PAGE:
I used a big yeast starter so it should get off to a good start, but 11% is a lot of sugar and alcohol, so it puts a big burden on the yeast. It is hard to survive in such an environment. Having thought this through a little I decided to leave out the simple sugars (~1100g). This to make it a little easier for the yeast in the beginning. The plan is to add the remaining sugars after three days when the yeast have multiplied and adjusted to the environment. This particular yeast strain is a sturdy one and known to ferment up to 15% abv.

The batch was brewed 2007-01-21.

Belgian Dark Strong Ale
All grain, batch sparge
38 EBC (Brown)
29 IBU
6500g Pale malt
1000g Pilsener malt
500g Caramünich
700g Liquid dark candi sugar
575g Demerara sugar
225g Dextrose (aka glucose)
300g Dry light malt extract
64C, 60 min
76C, 10 min (mashout)
66% efficiency
50g Northern Brewer 10.0%, 60 min
50g Tettnanger pellets 3.8%, 15 min
30g Tettnanger pellets 3.8%, 1 min
White Labs WLP 530 Abbey Ale, 2 vials, best before 2007-03-03, 3.0 liter starter
90 min
OG: 1.097 FG: 1.016 (estimated)

Brew #41: Bohemian Pilsener

This beer is my first ever pilsener, or pale lager for that matter. I used a lot of hops, so I expect it to be hoppy, quite bitter and really aromatic. It wasn't intended to be like an average commercial pilsener, but something more traditional and with a lot more punch. The beer is within the style guidelines, except perhaps for the aroma hops of which there are a lot.

In an interview with Charlie Papazian, by the generous people at Basic Brewing Radio, he said that it was possible to achieve much the same kind of malty flavour produced by traditional decoction mashing by instead adding 3-4% aromatic malt to the mash. So in this beer there is 200g of melanoidin malt. I hope that that will provide a richer malt complexity than just what pilsener malt will add.

Pale lagers are quite sensitive and not able to hide flaws very well. It is supposedly hard to make a good clean lager because of this. So from what I've gathered the devil is in the details. Here are some of the things that I tried to follow when making this pilsener:
  • Use lots of vital yeast
  • Ferment cold to get a clean fermentation profile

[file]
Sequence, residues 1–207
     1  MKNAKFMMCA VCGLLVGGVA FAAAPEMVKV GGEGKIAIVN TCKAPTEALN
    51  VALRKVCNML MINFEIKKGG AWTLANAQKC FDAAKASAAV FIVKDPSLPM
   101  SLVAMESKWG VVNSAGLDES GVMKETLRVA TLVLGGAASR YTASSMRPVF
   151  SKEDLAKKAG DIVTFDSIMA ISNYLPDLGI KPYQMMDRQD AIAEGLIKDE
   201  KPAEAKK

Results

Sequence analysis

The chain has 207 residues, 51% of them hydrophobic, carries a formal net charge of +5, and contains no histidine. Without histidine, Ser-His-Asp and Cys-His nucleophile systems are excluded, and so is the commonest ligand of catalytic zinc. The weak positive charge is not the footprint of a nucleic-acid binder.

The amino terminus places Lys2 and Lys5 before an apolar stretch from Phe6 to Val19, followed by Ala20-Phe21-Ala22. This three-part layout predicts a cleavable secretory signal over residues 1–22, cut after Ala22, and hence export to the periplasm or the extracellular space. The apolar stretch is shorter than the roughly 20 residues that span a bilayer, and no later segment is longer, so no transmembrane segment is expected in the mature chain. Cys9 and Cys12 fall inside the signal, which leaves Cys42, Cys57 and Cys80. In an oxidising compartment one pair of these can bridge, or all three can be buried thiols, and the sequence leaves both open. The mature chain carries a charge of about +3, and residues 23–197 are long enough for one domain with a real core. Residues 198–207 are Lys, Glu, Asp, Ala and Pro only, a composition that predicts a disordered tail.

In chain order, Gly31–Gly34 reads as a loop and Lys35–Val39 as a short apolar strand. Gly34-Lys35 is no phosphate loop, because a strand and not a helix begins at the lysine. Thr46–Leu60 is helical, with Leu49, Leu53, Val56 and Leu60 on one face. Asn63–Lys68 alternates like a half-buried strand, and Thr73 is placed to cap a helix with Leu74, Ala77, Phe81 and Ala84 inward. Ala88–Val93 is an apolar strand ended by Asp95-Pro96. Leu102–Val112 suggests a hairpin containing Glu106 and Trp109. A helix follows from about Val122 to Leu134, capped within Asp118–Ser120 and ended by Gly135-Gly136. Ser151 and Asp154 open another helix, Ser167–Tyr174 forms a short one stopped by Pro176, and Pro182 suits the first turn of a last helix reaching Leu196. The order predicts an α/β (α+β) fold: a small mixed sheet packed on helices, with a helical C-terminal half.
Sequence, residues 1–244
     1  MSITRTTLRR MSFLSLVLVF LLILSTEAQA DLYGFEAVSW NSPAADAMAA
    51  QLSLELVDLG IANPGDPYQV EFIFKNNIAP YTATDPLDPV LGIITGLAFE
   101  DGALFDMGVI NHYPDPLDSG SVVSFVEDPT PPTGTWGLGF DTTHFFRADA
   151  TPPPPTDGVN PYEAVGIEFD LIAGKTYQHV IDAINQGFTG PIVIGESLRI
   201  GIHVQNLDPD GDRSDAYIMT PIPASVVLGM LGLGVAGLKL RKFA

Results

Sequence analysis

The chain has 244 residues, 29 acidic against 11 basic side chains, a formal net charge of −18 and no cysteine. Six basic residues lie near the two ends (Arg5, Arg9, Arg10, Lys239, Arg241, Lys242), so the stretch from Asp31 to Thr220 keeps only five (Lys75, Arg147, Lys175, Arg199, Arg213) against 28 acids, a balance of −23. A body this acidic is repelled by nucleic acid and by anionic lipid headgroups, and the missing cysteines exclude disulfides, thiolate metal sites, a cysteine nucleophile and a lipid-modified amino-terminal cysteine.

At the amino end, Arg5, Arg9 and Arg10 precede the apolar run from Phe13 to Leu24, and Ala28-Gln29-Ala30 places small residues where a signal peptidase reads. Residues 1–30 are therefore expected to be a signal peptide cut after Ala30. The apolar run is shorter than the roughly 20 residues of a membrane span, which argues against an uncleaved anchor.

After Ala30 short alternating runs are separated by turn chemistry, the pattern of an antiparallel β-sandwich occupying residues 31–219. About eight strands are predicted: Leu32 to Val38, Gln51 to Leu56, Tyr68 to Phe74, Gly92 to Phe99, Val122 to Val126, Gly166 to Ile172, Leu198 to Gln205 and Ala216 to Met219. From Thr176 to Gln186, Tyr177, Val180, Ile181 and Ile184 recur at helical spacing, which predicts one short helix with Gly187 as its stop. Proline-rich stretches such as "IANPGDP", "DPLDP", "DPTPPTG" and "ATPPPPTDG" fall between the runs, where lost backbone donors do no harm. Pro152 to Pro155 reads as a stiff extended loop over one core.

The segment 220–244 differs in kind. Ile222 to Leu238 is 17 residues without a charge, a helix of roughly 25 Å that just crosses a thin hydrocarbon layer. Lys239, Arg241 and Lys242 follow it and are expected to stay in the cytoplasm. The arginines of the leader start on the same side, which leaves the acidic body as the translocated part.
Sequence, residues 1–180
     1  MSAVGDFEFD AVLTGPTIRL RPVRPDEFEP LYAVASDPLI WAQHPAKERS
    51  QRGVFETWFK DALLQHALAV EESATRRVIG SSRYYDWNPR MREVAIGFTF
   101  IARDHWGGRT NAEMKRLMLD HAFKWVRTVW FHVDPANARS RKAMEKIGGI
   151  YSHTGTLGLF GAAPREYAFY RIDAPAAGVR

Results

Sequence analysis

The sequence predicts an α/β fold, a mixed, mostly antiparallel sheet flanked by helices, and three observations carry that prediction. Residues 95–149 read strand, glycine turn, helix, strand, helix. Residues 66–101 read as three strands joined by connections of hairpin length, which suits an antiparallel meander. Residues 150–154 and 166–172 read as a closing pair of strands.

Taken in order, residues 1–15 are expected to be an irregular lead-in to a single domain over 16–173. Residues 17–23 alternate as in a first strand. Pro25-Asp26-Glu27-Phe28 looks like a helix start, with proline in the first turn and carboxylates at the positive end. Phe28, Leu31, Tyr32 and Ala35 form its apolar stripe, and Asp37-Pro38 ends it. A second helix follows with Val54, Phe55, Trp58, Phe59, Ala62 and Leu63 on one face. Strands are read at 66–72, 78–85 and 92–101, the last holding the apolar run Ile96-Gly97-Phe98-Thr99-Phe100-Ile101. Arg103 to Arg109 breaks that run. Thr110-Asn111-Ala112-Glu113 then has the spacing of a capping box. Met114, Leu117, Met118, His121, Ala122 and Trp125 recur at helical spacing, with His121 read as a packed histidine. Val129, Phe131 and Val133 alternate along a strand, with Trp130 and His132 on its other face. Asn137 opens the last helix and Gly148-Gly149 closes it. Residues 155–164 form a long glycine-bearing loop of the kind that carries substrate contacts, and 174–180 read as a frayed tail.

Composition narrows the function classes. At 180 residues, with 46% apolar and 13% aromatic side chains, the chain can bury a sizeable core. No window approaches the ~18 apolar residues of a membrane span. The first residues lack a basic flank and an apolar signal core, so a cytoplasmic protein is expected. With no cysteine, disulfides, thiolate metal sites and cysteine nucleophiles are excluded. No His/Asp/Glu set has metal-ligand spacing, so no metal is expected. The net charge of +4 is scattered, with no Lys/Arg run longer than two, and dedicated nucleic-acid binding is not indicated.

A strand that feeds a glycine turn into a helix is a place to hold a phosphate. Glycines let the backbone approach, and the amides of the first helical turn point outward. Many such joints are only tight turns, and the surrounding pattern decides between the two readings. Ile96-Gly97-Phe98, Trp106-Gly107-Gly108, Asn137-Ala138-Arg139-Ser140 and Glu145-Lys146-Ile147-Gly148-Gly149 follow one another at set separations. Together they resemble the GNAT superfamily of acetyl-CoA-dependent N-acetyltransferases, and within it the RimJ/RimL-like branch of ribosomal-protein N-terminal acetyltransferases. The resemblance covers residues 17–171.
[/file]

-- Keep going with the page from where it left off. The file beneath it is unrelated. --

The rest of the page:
• Get rid of the hops and the break material (mostly proteins)
To brew a good lager you need a lot of yeast, thus a really big yeast starter is neccessary. For my ales of medium gravity I usually make 1 liter yeast starters from a single vial. For this one I made a 3.5 liter starter from two vials. Given that the yeast was quite old I was a bit sceptical and planned to use Saflager W-34/70 as a backup if it didn't wake up. I was wrong (read: lucky). The yeast starter was surprisingly vigorous. Liquid yeast can survive a while, especially if stored properly. Having said that, I know that is always best to use fresh yeast. I need work on my yeast logistics so that the yeast is as fresh as possible.

The beer is fermenting in the fridge between 9.2 and 10.2C. I guess I would have used an even colder setting on my thermostat, but from watching how it behaves I've seen the temperature fall down to 8.0C before it gets warmer. The reason might have something to do with where the thermostat sensor is located. Anyway, this should give a pretty clean fermentation profile.

Once the wort was chilled and transferred into the fermenter I placed it in the fridge for about 6 hours (while I was brewing the next beer). I also poured out half of the yeast starter and added fresh wort on top of it. During this time the temperature had reached the target temperature and most of the hops and break material had dropped to the bottom of the fermenter. I then siphoned the clear beer into another sanitized fermenter leaving the non-desired material behind. The goal was to not let the fermenting beer pick up any off-flavours from it. I then added the now vigorous yeast starter to the fermenter. The airlock started moving within an hour. So, the fermentation got off to a good start. We'll see how it ends up. I'm optimistic.

The batch was brewed 2007-01-21.

Bohemian Pilsener
All grain, batch sparge
11 EBC (Golden)
44 IBU
6300g Pilsener malt
200g Carapils
200g Melanoidin malt
65C, 60 min
76C, 10 min (mashout)
66% efficiency
15g Warrior pellets 13.8%, 60 min
50g Liberty pellets 4.0%, 60 min
50g Saaz pellets 3.9%, 15 min
50g Liberty pellets 4.0%, 5 min
50g Saaz pellets 3.9%, 1 min
White Labs WLP 802 Czech Budejovice Lager, 2 vials, best before 2006-07-08 and 2006-10-30, 3.5 liter starter
90 min
OG: 1.053 FG: 1.013 (estimated)

Thursday, January 18, 2007

Brew #40: India Pale Ale

I'm down to just two kegs with something in them, and that's the last two beers I made. That's two out of ten kegs. What a waste! I've been procrastinating for too long now, so I went head and brewed one yesterday. And I'm brewing another two this Sunday. Usually I make two at a time, but there is only time do one brew during the weekdays.

This beer is an India Pale Ale with only American hops, so I guess it is fair to call it an American style IPA.